Nearly 50% of business start-ups view health and wellness as crucial to employee recruitment and retention. 31% of start-ups under 10 years of age have adopted wellness programs. Furthermore, 3 in 4 small companies that offer wellness programs say they positively impact the businesses’ bottom-lines.

Nonetheless, more than one-half of small business — companies with fewer than 100 employees — say that there isn’t enough information available that focuses squarely on wellness in small business.

These findings come from Workplace Wellness Programs in Small Business: Impacting the Bottom Line, a report from the National Small Business Association (NSBA) and Humana, details findings from their survey of 1,005 small business owners in the U.S., with employees number 2 to 100. Surveys were conducted in June and July 2012.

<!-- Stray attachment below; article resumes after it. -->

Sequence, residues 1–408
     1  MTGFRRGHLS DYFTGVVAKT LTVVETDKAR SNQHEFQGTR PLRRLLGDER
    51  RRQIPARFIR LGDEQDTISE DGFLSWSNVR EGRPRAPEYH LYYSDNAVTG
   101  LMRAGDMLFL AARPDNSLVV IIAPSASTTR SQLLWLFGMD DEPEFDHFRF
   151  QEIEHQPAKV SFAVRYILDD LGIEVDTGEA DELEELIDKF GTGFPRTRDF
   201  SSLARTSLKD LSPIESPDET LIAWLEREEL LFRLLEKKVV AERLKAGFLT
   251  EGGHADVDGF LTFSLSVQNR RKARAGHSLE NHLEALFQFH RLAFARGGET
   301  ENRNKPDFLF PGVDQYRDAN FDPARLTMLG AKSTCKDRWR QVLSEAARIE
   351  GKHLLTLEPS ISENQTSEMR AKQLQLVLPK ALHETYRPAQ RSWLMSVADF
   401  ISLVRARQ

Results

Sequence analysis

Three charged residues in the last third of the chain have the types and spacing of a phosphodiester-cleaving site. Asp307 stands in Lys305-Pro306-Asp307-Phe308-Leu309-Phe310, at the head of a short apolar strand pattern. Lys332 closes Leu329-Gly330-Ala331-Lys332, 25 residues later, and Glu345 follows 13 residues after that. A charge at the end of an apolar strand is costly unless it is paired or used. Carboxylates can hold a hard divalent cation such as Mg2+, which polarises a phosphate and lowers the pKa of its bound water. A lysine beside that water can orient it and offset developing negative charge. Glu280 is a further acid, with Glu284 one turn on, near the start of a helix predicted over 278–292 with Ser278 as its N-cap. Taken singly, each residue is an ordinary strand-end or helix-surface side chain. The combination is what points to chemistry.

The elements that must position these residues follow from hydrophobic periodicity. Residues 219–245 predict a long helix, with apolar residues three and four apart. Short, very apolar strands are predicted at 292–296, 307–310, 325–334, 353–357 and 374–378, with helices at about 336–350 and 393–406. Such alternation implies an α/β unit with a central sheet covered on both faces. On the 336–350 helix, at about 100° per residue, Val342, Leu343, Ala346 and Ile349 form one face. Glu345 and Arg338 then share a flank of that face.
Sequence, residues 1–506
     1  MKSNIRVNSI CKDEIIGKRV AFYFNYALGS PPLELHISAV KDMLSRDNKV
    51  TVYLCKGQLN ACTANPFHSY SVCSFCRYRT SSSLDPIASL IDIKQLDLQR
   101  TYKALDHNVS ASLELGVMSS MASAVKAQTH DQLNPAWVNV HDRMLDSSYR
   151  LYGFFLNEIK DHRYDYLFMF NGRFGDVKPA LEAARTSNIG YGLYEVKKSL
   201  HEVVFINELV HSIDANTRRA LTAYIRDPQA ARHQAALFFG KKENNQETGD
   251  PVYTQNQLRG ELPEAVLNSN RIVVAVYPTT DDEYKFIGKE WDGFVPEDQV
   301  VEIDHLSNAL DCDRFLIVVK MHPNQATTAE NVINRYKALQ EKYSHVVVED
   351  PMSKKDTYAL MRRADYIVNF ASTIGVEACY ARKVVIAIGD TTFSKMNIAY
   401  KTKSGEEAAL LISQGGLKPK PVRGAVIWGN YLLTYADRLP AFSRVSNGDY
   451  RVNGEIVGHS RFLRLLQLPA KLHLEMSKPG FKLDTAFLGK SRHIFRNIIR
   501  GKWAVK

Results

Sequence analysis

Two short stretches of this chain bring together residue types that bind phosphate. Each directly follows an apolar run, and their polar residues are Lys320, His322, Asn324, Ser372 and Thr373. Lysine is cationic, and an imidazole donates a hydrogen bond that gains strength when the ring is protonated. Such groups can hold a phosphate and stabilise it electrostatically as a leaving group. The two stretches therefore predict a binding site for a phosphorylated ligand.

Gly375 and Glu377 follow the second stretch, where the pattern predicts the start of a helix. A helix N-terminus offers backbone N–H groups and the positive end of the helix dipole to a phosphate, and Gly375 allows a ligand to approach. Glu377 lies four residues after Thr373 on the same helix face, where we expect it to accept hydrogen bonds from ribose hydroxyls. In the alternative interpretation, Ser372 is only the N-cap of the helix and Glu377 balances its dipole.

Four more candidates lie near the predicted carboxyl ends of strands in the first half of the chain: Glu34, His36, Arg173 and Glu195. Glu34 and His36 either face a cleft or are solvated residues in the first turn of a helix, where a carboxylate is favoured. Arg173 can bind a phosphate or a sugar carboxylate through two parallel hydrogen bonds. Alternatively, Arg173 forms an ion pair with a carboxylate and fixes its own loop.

Most studies into workplace wellness have focused on large-sized employers. This study, sponsored by the NSBA, looks solely at smaller firms with fewer than 100 workers. Among ssmall companies, 93% of employers say that employee health is extremely (54%) or very (39%) important to the bottom line. Only 1% of small companies said employee health wasn’t very important, and only 6% said it was “somewhat important.” So small companies care deeply about employee health as a driver for profitability.

However, that being said, onlly 22% of small firms offer wellness programs. Furthermore, there’s a lack of confidence among most small companies regarding their ability to help their employees manage health and wellness.

The most concerning issues for employee well-being among small firms are:

  • high stress levels, among 42%
  • psychological well-being, for 13%
  • weight management, 11%
  • alcohol or other drug habits, 11%
  • smoking habits, 9%.